Wheat prices edge lower

Wheat prices edge lower


Grain
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Australian wheat prices have continued to edge lower despite CBOT futures retaining a sideways trading pattern.

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Malcolm Bartholomaeus.

Malcolm Bartholomaeus.

Australian wheat prices have continued to edge lower despite CBOT futures retaining a sideways trading pattern. However, the price falls remains slow and steady, not providing any shocks to our market, and leaving prices very high relative to US future prices, even for a drought year. Harvest is progressing across all states, with GrainCorp reporting that harvest is nearly complete in Queensland and northern New South Wales.  Quality has been quite good despite some recent rainfall events. In southern New South Wales harvest is gathering pace, with reports of yields being better than expected.

In Victoria harvest is well underway, although delays were experienced with last week’s rains, and to date much of the harvest has been barley.  Wheat harvest should be gathering pace from now onwards. In South Australia early districts have finished their harvest, while later districts are just starting on wheat.  Rain has caused delays, but there are also reports of reasonable quality, and better than expected yields. The Western Australian harvest is progressing well, and with little rain in the forecast should rapidly progress to 50 per cent finished. Some traders were struggling to get wheat accumulated for early shipping deadlines because of the late start to harvest in some regions. One theme seems to be that given the season, crops are yielding well. It has been 10 years since we have had a season that has challenged us nationally, and since then agronomic practices have evolved significantly.  The end result is that where crops would have been abandoned previously, they are now producing modest yields of quality grain.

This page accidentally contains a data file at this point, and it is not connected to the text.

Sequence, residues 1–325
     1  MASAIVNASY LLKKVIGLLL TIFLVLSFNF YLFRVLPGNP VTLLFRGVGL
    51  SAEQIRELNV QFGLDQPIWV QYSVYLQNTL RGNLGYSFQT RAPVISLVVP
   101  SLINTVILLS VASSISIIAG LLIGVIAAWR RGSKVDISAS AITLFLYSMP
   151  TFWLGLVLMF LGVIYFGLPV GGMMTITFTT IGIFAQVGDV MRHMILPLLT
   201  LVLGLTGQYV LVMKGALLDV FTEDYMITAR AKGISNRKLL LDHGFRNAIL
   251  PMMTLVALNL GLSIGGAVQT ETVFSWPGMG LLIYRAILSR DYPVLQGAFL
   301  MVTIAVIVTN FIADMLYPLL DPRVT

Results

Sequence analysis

One theme seems to be that given the season, crops are yielding well.   It has been 10 years since we have had a season that has challenged us nationally, and since then agronomic practices have evolved significantly.  The end result is that where crops would have been abandoned previously, they are now producing modest yields of reasonable quality grain.

The final size of the Australia crop will still be hard to estimate, but one would expect it to come in a little better than some of the lower projections we have seen.

What will make it hard to assess final production will be the amount of wheat stored on farm.  We still don’t have good systems to track this, and it will leave some doubt over final supplies available for key domestic markets for the coming 12 months.

We are now just a few weeks away from the wheat supply for 2019 being locked in.  Wheat prices are still very high, and while they may ease for a little longer, there is no reason for wheat prices to return to global price levels until we get the bins filled properly from the 2019 harvest.

At this stage December 2019 futures are running at close to 545 USc/bu.  This is 45 USc/bu, or A$22.85 per tonne, above December 2018 futures prices.  

If we assume a return to normal basis levels by the time, we get to the 2019 harvest, then current futures prices are suggesting a cash market of around $300 per tonne in South Australia, $10 per tonne more than that in New South Wales and Victoria, and $25 per tonne above that in Western Australia.

If we simply compare current season prices to those potential price levels for 12 months time, the potential year on year price declines range from $25 per tonne in Western Australia, to $140 per tonne in New South Wales.  Victoria would be looking at downside of $110 per tonne, while South Australian prices would fall $70 per tonne.

Without a sharp lift in global wheat prices during 2019, Australian wheat prices are set for a major price fall between now and the end of 2019.

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